Some critics say it might also have to do with the demographics of the tax code’s authors, who have traditionally been wealthy white men. This might explain various blind spots, like a double standard where plaintiffs in sexual-harassment settlements, who are typically women, can have their settlement money taxed, but not people getting worker’s compensation money for workplace injuries, who tend to be men.
Capital gains taxes are a good deal for people who invest in the stock market
Ordinary income, like a wage, is taxed between 10% and 37% depending on the amount. Capital gains, such as stock sale proceeds, are taxed between 0% and 20% (with some exceptions).
The lower rates are good deal for those playing the markets, and white investors are more common than black investors.
Overall, 55% of Americans own stocks, according to a Gallup poll conducted in March and April.
64% of whites in one poll said they owned stock, compared to 42% of black poll participants.
But 64% of white participants said they owned stock, compared to 42% of black and 28% of Hispanic poll participants.
Income is taxed as you make it, but capital gains taxes kick in at the sale. That gives stock owners extra flexibility to sell when it’s to their advantage or buy and hold for the next generation, Rueben said.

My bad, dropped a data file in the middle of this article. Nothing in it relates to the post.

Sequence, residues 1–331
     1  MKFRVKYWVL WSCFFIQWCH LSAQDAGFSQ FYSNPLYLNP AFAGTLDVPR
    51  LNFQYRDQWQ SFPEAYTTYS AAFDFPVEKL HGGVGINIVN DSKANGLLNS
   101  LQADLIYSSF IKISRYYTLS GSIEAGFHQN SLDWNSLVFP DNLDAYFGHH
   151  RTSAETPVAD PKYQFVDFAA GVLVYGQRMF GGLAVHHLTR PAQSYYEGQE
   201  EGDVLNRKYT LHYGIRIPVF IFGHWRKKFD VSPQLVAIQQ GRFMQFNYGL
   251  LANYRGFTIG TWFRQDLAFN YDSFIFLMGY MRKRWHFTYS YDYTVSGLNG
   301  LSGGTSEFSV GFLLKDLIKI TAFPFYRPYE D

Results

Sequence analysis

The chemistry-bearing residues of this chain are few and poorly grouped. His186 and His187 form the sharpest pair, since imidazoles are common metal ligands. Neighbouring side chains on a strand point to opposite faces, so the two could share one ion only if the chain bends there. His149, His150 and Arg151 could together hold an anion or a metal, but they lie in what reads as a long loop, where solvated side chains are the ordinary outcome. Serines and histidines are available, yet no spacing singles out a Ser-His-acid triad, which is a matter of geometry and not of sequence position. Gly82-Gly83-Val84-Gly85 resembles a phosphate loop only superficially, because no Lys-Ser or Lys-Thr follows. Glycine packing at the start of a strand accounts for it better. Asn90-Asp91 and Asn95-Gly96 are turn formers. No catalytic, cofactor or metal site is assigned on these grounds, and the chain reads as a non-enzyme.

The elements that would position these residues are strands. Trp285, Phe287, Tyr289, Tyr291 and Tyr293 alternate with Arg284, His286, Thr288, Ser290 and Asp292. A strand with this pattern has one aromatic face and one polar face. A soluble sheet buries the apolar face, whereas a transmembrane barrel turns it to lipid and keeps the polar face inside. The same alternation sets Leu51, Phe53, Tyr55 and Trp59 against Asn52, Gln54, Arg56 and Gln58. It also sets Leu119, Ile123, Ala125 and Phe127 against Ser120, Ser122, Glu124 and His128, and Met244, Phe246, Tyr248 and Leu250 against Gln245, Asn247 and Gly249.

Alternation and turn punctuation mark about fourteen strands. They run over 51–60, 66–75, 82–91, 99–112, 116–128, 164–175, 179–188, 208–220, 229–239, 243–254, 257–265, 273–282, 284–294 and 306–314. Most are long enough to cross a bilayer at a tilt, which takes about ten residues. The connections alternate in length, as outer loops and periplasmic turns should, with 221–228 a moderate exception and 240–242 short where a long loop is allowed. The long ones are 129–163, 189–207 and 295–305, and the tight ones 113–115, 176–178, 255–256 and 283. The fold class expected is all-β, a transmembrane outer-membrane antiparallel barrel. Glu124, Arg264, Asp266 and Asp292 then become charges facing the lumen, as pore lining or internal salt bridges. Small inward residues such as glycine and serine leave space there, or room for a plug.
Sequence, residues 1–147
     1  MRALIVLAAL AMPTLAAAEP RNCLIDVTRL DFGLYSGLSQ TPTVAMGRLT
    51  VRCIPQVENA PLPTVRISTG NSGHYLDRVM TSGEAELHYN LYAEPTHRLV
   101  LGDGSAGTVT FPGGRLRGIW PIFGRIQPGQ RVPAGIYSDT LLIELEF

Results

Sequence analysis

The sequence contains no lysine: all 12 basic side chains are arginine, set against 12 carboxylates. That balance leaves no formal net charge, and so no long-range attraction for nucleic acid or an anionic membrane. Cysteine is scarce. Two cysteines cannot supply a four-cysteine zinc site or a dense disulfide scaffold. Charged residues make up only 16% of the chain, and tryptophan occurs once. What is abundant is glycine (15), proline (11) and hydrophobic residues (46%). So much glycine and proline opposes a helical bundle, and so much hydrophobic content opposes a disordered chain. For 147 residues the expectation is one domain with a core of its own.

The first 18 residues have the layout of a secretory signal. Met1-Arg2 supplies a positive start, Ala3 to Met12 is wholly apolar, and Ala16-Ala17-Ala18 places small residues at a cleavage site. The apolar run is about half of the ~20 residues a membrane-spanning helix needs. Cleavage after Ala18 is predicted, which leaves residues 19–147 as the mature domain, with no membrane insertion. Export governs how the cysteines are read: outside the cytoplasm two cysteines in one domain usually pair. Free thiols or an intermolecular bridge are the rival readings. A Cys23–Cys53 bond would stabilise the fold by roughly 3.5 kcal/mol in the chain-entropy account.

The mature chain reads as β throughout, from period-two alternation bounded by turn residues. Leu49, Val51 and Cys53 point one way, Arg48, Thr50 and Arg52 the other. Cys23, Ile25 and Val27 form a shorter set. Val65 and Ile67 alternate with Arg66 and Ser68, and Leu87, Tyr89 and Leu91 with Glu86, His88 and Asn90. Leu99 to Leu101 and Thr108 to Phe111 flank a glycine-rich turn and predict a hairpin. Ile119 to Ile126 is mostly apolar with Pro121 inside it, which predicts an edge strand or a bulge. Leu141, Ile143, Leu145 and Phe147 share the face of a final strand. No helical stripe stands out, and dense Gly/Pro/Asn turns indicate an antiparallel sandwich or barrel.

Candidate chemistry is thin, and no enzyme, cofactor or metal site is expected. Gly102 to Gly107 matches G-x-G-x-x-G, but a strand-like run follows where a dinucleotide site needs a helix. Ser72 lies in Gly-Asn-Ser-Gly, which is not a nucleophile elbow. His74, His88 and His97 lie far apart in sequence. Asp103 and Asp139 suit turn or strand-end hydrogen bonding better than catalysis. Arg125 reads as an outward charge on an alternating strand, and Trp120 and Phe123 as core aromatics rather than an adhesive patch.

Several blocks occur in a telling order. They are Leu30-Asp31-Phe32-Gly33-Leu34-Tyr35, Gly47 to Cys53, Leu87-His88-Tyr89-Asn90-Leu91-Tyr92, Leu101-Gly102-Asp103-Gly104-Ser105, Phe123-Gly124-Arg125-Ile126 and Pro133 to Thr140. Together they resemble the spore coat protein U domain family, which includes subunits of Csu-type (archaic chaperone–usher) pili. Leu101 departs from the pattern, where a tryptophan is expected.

Estate tax laws tend to favor white families
Americans are poised to inherit almost $765 billion in 2020, according to one New York University Law School professor’s estimate. But white families will benefit more, in terms of inheritance size and the tax laws surrounding them.
White households have twice the chance of getting an inheritance compared to black families, Lily Batchelder, the NYU professor, wrote . A white household’s inheritance leads to a $104,000 increase in median wealth compared to $4,000 rise for black counterparts, she added.
Estate tax exemptions were raised temporarily under the 2017 tax law changes.
The Tax Cuts and Jobs Act of 2017 temporarily raised the threshold when estate taxes kick in, going from $5.49 million in 2017 to $11.1 million in 2018. The higher levels, adjusted for inflation, end in 2025.
The higher thresholds are a blow to minority taxpayers who could benefit from that missed-out tax revenue, said David Newville, vice president of policy and research at Prosperity Now, a nonprofit promoting financial security in minority communities.